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Irish economic news, in summary and context.
Poorer Than Our Parents?
When she became leader of the Social Democrats, Holly Cairns included in her first dáil speech the observation that she is “a member of the first ever generation who will be worse off than my parents”
It was a striking sentiment. It echoes a wider trending belief among the under 40s which is either anti-Capitalist or, at the very least, anti “the-current-system”.
Cairns highlighted a paradox at the heart of our current economic system: as a country we have never been richer, yet young people are putting their lives on hold, stuck living with their parents or spending all of their spare income on rent.
This sparked great debate last week.
“Even if Cairns is right, and our financial circumstances are worse than our parents, the young in society have still reaped huge benefits from modernity. This remains inconveniently true no matter how unfashionable it may be to suggest in a climate of rampant inflation, a housing crisis and the fallout of a pandemic.”
I’m not sure why her piece (praised by Conor Pope as “simply excellent”) is framed “in opposition” to Cairns, rather than exploring the disturbing divergence between the noted wider societal progress and financial precarity of a generation.
Ciarán Casey (of University Limerick) explores the data in his piece for the Journal, noting the conflicting stats that
“Irish people enjoy access to a range of consumer goods that would have been unimaginable a generation ago. Of course, almost all of this technology has been developed elsewhere, but as a richer society we are much better positioned to benefit from it. This is as true of medicines as it is of smartphones.
But the obvious and immediate way that the assertion is correct is when looking at housing so it is hard to disagree with Cairns in this area.”
In the Irish Times, David McWilliams has his own reflections on the paradox that “many people are wealthy on paper but live without security. Irish people can be rich and poor at the same time.”
While I share the desire to be optimistic, I don’t want to be blindly so. The problem Cairn’s pointed to is a very real one.
Even though social and technological progress is a tide that raises all ships, a disproportionate share of the gain has gone to older generations and continues to flow from young to the old through rents and house prices. It’s a political challenge worth ringing the alarm bells on.
- Irish Times: “Holly Cairns is Wrong, Our Generation is Much Better off Than Our Parents” Link (€)
- The Journal: Is Holly Cairns correct about her generation being worse off than their parents? Link
- Independent: Holly Cairns’s comments begged the question – will the next generation ever be able to afford to retire? Link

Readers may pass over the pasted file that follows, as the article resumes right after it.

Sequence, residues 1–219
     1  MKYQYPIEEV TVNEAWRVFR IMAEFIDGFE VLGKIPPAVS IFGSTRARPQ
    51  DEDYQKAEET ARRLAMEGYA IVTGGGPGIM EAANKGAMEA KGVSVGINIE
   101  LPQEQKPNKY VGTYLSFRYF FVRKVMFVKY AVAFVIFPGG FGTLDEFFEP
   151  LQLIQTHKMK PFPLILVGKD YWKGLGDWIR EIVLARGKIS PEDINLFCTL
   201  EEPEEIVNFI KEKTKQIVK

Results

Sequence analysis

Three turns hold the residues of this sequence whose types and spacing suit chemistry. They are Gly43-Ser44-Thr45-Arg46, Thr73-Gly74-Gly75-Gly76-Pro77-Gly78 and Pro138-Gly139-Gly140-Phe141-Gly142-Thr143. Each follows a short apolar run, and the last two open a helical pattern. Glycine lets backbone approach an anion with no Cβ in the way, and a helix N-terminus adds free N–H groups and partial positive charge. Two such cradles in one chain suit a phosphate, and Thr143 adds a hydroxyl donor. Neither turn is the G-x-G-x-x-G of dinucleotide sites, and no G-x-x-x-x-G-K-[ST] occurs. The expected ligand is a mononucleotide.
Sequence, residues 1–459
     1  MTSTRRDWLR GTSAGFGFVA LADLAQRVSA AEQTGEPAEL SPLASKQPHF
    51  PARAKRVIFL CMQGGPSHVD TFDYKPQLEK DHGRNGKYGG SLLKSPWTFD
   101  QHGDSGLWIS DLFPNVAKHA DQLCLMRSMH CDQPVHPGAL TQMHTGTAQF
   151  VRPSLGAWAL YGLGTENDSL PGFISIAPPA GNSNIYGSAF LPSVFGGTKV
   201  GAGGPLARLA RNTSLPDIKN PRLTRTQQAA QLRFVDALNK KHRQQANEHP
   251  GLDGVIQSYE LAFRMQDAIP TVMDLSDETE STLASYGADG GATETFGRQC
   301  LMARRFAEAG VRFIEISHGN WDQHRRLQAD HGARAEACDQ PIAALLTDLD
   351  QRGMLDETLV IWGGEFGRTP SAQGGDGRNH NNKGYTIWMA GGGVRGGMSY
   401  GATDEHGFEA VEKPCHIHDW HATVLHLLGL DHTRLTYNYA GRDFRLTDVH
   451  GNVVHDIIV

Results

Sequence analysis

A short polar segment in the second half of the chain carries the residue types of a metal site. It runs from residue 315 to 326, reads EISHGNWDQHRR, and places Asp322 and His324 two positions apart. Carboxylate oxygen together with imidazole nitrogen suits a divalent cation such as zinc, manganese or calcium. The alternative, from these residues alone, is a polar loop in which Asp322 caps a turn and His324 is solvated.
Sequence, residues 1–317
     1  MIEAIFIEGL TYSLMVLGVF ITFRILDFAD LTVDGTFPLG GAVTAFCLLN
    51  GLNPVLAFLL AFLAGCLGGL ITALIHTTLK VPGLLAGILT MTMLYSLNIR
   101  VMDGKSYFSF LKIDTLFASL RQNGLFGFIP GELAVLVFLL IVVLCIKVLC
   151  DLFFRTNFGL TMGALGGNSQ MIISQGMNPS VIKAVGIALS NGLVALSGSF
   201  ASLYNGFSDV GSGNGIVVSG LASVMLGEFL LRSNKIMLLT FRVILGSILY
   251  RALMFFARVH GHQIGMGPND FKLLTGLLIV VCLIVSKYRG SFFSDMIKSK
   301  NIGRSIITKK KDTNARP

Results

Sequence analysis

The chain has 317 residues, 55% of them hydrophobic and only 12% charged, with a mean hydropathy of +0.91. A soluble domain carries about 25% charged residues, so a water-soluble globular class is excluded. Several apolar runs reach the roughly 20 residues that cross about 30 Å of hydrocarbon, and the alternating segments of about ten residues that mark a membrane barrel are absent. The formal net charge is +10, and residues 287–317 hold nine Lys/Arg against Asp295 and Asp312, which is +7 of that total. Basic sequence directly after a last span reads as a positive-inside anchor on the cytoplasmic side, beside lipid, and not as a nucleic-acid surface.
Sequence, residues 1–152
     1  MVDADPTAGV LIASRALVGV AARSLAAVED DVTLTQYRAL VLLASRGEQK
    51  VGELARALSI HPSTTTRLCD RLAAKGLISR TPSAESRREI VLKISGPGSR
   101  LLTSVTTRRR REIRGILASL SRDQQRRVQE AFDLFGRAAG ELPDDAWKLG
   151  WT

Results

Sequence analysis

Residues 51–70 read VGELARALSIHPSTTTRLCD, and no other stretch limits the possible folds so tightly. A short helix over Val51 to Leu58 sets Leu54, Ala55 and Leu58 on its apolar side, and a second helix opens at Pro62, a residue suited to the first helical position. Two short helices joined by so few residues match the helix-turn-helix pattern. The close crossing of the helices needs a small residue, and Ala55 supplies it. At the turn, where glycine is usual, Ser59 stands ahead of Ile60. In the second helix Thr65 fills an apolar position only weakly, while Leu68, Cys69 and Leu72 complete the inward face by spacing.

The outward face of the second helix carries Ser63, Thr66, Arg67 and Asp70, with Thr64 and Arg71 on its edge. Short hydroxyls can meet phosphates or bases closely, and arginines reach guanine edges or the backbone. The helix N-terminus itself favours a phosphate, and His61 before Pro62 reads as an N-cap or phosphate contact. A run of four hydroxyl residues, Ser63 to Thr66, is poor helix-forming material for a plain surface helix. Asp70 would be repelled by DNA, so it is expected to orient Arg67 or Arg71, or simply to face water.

- Irish Times: In Ireland, People Feel Rich and Poor at the Same Time Link (€)
- Irish Times: Lifting the evictions ban, coupled with a failure to get to grips with the housing crisis, will make it tough to win votes from anyone aged under 40 Link (€)
More Tech Layoffs
In the last two weeks large layoffs have been announced at Indeed, Workhuman, Amazon and Meta. Una Fitzpatrick, director of Technology Ireland, told RTÉ’s Morning Ireland that “the expectation is that around 2,000 to 3,000 people who work in technology in Ireland will be laid off”.
Accenture CEO Julie Sweet described the cuts as an “opportunity” to deal “with the challenges of compounding wage inflation”
- RTE: Tech sector in a ‘state of flux’ as job cuts continue Link
- Irish Times: Accenture CEO says the quiet part out loud Link
Mortgage Applications are Still at Historic Highs
A small silver-lining to the story above, for non-tech workers, is that the number of tech workers applying for mortgages is down to ‘a trickle’, as many hold off during a period of increased uncertainty.
Given that one mortgage brokers estimates that one third of all first time mortgage applications were by tech workers in 2022, this should give other buyers less competition.
This isn’t showing in the figures yet, however, with overall mortgage applications and approvals still incredibly high. There was a spike and subsequent drop in the number of switcher mortgages, as people moved from Ulster Bank and KBC as they exit the market, or moved to lock-in fixed rates as rates began to rise, so many media outlets reported February’s numbers as ‘big falls’. But the underlying numbers [PDF] from the BPFI show only a small decrease in mortgages for home purchases – about 5% lower than this time last year.
- Independent: Number of tech workers applying for mortgages down to ‘a trickle’ as uncertainty over the future bites Link
- Irish Times: Mortgage approvals fall sharply as higher borrowing costs curtail buyers Link